TITLE: Trading Ashes for Beauty: The Phoenix’s Song
AUTHOR: Ron Viers
EIDTOR: Mia Coleman
GENRE: Gay & Lesbian/Memoir
POINTS OF SALE: http://books.lulu.com/content/223320
Pride and jealousy were beginning to wage war in the house of God. p.24
There is a great deal of courage in this book. Personal testimonials are some of the most heart wrenching pieces to write. Ron Viers bares his soul to a world which doesn’t often accept what he is… a Gay man. That same soul is open to the GLBT community that might not understand as well. Christianity is something that has betrayed many of us. A place where, especially in the evangelical churches I’m familiar with, diversity and God don’t coexist. Like oil and water the two will never mix.
At its simplest level this is a narrative of the rise and fall of a Southern, GLBT evangelical church. Another is the story of a close knit group of people who share a common goal and faith. On a higher plane it is “Testimonial” of faith. There were times when it happened… the all the hair on my body standing on end.
It’s an entertaining afternoon’s read. Ron is a decent writer – decent enough that I was left wanting more (and I’ll explain that at the end). He takes his own life back to the scripture at times and that’s a nice tie in. There’s no hesitation in telling us that he questions The Plan at times. “God, are you smokin’ crack?!” (p.40) he comments at one point. Questions, misunderstandings and lack of comprehension are presented unvarnished. The preachers, deacons and pastors are humans who screw up. Given who they are, those screw ups affect more lives then just their own.
I would have like to have heard of how Ron and Michael’s relationship began at an earlier in the book instead of in Chapter 6. It would have given some of the conflict in Ron’s secular life a grounding that seemed a little lacking otherwise. When you finally get the background, you have an “aha” moment.
I would have liked to have seen some of the songs he had written. Why choose Steve Nix when you could have given us Ron Viers? I would have liked to have “heard” the conversations between the personas dramatique although I understand how memory is hard after a time and those bits are lost. I think as a testimonial, the book would have been more effective with more personalization. Although he does have a gift of perception, an ability to tie the characters into the metaphor of their station, we’re left a little wanting about who these people are.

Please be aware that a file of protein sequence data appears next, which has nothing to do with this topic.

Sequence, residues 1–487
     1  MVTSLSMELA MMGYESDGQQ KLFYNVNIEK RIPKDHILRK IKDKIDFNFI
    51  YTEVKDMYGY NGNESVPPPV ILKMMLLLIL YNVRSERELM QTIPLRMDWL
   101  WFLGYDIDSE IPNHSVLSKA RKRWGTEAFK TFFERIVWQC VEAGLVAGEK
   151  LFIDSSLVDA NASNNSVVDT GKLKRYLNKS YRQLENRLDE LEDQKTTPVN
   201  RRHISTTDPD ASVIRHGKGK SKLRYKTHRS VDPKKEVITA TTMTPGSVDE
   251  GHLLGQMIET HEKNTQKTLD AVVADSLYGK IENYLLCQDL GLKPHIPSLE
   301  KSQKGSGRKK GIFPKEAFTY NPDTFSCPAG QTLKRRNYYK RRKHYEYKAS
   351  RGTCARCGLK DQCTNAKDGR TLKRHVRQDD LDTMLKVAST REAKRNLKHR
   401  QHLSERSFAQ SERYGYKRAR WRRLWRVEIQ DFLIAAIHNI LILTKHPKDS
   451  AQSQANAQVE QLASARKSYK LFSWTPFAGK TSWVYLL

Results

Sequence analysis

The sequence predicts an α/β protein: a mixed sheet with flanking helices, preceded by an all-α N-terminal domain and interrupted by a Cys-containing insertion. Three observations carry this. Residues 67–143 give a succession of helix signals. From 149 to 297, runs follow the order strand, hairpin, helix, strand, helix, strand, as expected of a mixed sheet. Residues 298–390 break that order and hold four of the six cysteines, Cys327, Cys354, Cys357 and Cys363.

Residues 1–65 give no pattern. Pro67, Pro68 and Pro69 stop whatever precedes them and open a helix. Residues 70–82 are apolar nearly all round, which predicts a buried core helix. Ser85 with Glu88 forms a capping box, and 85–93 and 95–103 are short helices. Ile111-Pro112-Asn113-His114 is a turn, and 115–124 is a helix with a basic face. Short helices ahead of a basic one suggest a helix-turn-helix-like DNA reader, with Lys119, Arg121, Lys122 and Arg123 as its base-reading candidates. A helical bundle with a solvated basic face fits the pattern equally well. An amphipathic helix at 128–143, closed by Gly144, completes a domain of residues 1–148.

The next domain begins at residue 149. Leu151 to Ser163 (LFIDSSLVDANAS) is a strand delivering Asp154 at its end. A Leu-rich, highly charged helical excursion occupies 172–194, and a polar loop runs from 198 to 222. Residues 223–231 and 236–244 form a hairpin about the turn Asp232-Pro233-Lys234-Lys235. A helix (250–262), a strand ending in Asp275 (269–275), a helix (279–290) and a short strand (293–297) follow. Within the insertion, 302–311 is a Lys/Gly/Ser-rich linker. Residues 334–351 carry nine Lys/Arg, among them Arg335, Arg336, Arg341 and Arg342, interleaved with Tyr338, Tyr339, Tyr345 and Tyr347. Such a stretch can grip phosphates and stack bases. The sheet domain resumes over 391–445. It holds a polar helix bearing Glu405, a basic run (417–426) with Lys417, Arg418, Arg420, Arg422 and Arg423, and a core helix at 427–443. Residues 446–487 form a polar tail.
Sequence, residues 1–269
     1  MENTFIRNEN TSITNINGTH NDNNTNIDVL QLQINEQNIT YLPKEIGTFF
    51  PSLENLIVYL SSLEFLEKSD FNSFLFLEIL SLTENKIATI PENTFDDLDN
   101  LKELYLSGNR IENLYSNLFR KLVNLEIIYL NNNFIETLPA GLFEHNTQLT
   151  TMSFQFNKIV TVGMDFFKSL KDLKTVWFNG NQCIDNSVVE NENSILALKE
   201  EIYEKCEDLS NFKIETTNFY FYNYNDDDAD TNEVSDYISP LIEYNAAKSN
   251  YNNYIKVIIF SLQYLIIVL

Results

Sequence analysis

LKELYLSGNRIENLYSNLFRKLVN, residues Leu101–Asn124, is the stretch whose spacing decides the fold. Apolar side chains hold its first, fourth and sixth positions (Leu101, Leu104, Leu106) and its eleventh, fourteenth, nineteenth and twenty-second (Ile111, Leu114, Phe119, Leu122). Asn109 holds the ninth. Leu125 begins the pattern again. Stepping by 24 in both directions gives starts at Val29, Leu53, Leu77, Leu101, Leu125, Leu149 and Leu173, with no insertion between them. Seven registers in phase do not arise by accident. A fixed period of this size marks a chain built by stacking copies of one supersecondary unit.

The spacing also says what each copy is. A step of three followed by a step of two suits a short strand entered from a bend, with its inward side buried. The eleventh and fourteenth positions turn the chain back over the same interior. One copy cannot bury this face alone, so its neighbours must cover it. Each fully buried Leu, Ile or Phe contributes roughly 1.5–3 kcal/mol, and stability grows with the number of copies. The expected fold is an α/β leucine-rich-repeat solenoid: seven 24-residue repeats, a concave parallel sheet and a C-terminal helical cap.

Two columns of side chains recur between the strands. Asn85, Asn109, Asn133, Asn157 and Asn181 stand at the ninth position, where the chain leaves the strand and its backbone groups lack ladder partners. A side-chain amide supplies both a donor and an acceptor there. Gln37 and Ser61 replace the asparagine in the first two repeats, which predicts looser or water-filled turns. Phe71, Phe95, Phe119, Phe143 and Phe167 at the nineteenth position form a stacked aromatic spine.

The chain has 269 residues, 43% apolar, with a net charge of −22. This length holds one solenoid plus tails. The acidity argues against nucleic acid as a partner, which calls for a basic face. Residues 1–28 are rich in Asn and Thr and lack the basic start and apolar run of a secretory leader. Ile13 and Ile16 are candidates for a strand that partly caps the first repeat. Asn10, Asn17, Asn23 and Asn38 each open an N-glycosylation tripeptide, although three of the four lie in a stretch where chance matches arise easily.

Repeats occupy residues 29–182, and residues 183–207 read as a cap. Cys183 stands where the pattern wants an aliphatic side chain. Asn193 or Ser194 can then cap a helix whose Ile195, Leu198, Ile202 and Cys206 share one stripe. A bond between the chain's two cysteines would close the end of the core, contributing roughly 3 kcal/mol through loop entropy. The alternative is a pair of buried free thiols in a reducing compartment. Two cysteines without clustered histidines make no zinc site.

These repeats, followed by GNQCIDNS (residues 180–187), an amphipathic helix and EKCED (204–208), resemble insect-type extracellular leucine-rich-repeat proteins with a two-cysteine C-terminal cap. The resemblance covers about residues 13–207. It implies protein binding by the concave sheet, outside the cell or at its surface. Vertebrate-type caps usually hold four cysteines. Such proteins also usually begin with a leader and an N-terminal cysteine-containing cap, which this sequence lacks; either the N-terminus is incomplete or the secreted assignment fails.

I want to know about the church and the people in it. I’ve been to evangelical services. When Ron says the Pastor spoke in Tongues or they Laid them Down, I know what he means. I’m not certain readers outside the movements would. I’ve watched people go catatonic at the touch of a preacher whom they feel is Speaking In The Lord. Most people have never seen such things. Another 100 pages of those types of detail would have given the reader a far deeper connection. That bond with the congregation would have helped explain why many of the events within the book were so shattering to the flock.
Ultimately, I wish he’d written it and put it in the drawer for a year.
For us to understand, Ron needs to have moved past the hurt. The pain he’s gone through is still too raw. While I may not be of the same religion as Ron, it is not that different. We are all often called upon to do things that we don’t yet understand. I believe that his heart is true. I believe that he has been called by his faith to write this. I also believe that he has jumped the gun in getting the word out there. In the end we’re left with the story of a man who comes off as bitter and betrayed (not unjustifiably so). Ron is still in the stages of betrayal and grief – which maybe where he needed to write the book from. It is not where he needed to publish it from.
The book just isn’t finished… the Phoenix hasn’t risen yet.
Review by James Buchanan